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Forest Dynamics Research Unit
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Landscape Dynamics Research Unit
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    ABSTRACT: Forest growth is affected by various concurrent and counteracting climate change related factors and the overall impact of environmental changes on forest growth is still uncertain. In order to evaluate the variability of tree and forest growth and the possible impact of climate change, we analysed 15 years (1995–2010) of tree growth data from 18 Level II plots in Switzerland, spanning a wide range of altitude, temperature and precipitation conditions. Stem diameter of all trees within the Level II plots was measured every 5 years. Other above- and belowground parts of the trees were modelled by allometric relationships and validated with measurements if available. We analysed individual tree growth (basal area increment, bai) and the whole forest net primary productivity (NPP), here the sum of carbon gain by tree growth within the plot during three inventory periods. Additionally, annual stem diameter increment, assessed on single trees at each plot since 2001, was used to approximate annual NPP of the forest. Temporal patterns of NPP could not easily be related to climate conditions, since forest management and disturbance events (e.g. storms, diseases) overshadowed the climate impact on NPP. However, when looking at the individual trees, a clear decrease of bai by 2–30% (mean 19.3%) was observed for most of the sites during the second inventory period (2000–2005), which could not solely be explained by increasing stand density over time. Tree growth was most likely reduced due to the dry conditions during this period that included the extreme year 2003. An increased tree growth during the third inventory period (2006–2010) at a few sites could be clearly related to growth enhancement after stand density reducing events, such as storms or thinning. Thus, understanding climate impact on forest growth requires detailed site history knowledge and available long-term data sets. The variability of mean NPP levels could be described with a function of the sites’ climate conditions and nutrient deposition (adj. r2 = 0.86), with N deposition enhancing forest productivity up to a threshold of 20–25 kg ha−1 yr−1 of N and with no further growth increase beyond that threshold.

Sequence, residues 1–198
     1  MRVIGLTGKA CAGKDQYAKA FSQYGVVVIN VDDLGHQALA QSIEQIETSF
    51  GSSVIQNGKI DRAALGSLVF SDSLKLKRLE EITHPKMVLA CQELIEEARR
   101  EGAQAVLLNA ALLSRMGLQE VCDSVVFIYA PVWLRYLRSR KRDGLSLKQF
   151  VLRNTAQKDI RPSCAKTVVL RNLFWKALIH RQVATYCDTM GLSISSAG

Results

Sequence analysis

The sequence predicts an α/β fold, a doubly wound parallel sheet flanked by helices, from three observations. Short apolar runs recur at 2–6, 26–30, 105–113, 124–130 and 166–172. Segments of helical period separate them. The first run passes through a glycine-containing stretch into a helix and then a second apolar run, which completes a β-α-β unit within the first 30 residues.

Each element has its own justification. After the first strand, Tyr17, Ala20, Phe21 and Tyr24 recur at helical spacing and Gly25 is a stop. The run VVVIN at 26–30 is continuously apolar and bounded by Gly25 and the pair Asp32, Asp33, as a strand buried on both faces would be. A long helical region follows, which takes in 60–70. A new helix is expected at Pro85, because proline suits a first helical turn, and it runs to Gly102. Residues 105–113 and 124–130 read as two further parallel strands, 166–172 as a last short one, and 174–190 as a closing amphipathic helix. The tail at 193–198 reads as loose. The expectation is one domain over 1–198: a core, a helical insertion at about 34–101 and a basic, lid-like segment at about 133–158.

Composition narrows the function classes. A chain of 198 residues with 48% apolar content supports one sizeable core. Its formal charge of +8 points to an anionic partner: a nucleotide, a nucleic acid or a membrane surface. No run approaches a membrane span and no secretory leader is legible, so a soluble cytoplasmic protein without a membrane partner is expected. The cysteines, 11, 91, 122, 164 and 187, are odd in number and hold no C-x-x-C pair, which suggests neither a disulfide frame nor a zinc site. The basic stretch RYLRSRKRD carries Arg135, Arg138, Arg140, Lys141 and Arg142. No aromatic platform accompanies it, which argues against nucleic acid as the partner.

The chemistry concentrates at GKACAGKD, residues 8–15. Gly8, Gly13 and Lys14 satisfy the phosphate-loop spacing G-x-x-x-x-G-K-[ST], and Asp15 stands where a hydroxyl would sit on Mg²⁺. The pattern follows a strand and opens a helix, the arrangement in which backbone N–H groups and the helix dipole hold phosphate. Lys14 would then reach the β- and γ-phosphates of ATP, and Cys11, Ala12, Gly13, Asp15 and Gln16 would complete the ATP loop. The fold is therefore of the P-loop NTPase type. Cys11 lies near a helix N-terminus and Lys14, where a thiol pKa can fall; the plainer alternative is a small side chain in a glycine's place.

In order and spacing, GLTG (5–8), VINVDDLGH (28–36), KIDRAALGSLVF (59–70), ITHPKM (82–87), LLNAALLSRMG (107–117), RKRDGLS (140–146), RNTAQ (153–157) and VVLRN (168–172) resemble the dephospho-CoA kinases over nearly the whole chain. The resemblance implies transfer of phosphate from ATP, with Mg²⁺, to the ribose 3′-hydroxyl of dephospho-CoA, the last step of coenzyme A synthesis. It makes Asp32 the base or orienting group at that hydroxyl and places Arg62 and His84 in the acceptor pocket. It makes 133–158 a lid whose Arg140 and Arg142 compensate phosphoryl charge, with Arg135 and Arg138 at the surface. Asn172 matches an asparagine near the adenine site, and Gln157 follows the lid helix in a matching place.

Forest Ecology and Management 01/2014; 311:41–55.
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    Forest Ecology and Management 01/2014; 311:1–2.
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    ABSTRACT: Policy advice based on a rationalist perspective to foster sustainable behaviour has approached its limits; and gaps in the established models are becoming more and more obvious. To better understand how unsustainable choices are made, and to foster sustainable decision-making, alternatives to the rationalist models of human decision-making need to be investigated. Such alternative models have already demonstrated their usefulness in other fields than ecological economics. The paper begins with a presentation of conventional models of human behaviour, as well as their advances and limitations in ecological and behavioural economics. In most of these models, the dominance of analytical thinking still prevails. I identify this as problematic given the evidence for the influence of emotion and intuition in decision-making. To offer a perspective on human behaviour that acknowledges this influence, dual-process models are presented. Established applications of these models are then used to propose four basic types of explanations for unsustainable behaviour. Based on these explanations preliminary ideas to promote sustainable decision-making are developed. These ideas are considerably different from policy implications of the established economic model.
    Ecological Economics 12/2013; 96:71-78.


  • Address
    Birmensdorf, Switzerland
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